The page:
For those not wanting to watch the videos, the points are:

  1. Bush spiked the football before the game had even started. (Echoed by Colbert.)
  2. Ed Gillespie was outspoken in condemning the President for conjecturing what Romney would have done. Ed said in 2004 “If Kerry had his polices in place today Saddam would not only be in Baghdad but in Kuwait.”
  3. A 2004 GOP campaign ad:¬† “How can Kerry protect us when he doesn’t understand the threat?”
  4. Obama has repeatedly given credit to those who actually did the dangerous work. “We killed Osama bin Laden.”
  5. At the 2004 GOP convention, George Pataki, an Obama critic, kissed Bush’s ass. “George Bush protected our country.” Mmmm George Bush did? Or did the soldiers? Why didn’t Pataki give proper credit?
  6. Adding to the pile on, is criticism that Obama dissed Romney in front of a foreign visitor. In 2004 Bush disses Kerry in front of Iraqi Prime Minister.
  7. And the bottom line truth of the matter: GOP is just pissed they couldn’t run the current Obama ad.

Stewart allows for the possibility that the Obama campaign ad lacks some decorum. Fred Kaplan on Slate makes no such apology.

Two new investigative reports‚ÄĒa book by Peter Bergen, Manhunt: The Ten-Year Search for Bin Laden from 9/11 to Abbottabad, and an article by Graham Allison in the May 7 issue of Time‚ÄĒthoroughly rebut that notion. [of a no-brainer decision].

Far from the no-brainer that Romney depicts, the secret, high-level discussions leading up to the raid were fraught with intense debate and uncertainty‚ÄĒand Obama‚Äôs final decisions, on both whether and how to attack, went against some of his top advisers‚Äô recommendations.

Vice President Joe Biden revealed a few months ago that he had urged Obama not to mount the assault. Bergen and Allison report that Secretary of Defense Robert Gates joined him in the dissent‚ÄĒand they explain why.

In the weeks leading up to the decision, a group of counterterrorism officials, after conducting a ‚Äúred-team‚ÄĚ exercise of what could go wrong in such an attack, estimated that there was only a 40 percent chance Osama Bin Laden was actually in the compound. The CIA put the odds at 60 percent. Bergen quotes Michael Morell, the CIA‚Äôs deputy director, as telling the president that ‚Äúthe circumstantial case of Iraq having WMD was actually stronger than the circumstantial case that bin Laden is living in the Abbottabad compound.‚ÄĚ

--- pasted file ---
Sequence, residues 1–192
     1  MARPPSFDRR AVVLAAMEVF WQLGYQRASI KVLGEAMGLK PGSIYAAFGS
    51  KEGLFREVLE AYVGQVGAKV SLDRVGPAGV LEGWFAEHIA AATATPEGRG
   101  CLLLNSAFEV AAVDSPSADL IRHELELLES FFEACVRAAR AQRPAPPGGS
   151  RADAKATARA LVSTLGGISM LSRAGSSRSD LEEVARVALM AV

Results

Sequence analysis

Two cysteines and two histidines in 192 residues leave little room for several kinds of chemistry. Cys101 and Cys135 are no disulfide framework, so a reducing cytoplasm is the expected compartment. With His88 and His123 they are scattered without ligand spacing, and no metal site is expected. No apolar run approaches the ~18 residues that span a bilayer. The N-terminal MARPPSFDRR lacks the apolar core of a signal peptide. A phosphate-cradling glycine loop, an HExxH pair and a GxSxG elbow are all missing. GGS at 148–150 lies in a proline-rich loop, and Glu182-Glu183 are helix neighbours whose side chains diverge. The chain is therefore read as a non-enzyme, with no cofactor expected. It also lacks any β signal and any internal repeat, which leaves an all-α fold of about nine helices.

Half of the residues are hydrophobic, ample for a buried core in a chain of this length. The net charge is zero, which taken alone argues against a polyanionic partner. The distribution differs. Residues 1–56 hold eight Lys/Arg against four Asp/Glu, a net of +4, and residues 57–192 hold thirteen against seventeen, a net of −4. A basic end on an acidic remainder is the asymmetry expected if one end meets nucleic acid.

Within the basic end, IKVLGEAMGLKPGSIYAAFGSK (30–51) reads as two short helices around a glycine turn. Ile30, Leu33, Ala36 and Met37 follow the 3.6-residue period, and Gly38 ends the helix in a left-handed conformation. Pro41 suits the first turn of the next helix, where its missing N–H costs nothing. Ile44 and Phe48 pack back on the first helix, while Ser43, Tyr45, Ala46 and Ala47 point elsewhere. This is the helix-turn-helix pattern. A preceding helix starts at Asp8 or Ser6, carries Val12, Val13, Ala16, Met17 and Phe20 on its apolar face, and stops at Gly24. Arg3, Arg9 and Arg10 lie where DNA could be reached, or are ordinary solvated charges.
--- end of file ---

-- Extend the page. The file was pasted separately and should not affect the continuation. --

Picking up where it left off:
Once Obama decided to attack, an equally weighty debate took place over how to go about it. Gen. James Cartwright, the vice chairman of the Joint Chiefs of Staff (and widely known at the time as ‚ÄúObama‚Äôs favorite general‚ÄĚ), recommended dropping a few dozen 2,000-pound bombs from a B-2 bomber. Others favored going in with missile-carrying drones.

Others, however, advised sending in SEAL Team Six, noting that an aerial attack might kill lots of civilians‚ÄĒperhaps even some in neighboring houses‚ÄĒand, in any case, would preclude certain knowledge that the strike had actually killed Bin Laden. Obama sided with the advocates of the far riskier raid.

Gates, still skeptical of the whole business, had been CIA director Stansfield Turner‚Äôs executive assistant back in 1979, when President Carter ordered a raid to rescue American hostages in Iran‚ÄĒthen watched the operation go down in flames, along with his presidency, when the Delta Force‚Äôs helicopter crashed.

Struck by Gates’ concerns, Obama ordered Adm. William McRaven, the special-operations commander organizing the raid, to throw in two additional helicopters for backup. It was a good thing he did, since one of the assault choppers crashed outside the compound. via Barack Obama’s decision to go after Osama Bin Laden: how the president overruled his advisers in ordering the assassination РSlate Magazine.

Kaplan’s headline puts it succinctly: Barack Obama Killed Osama Bin Laden. Period.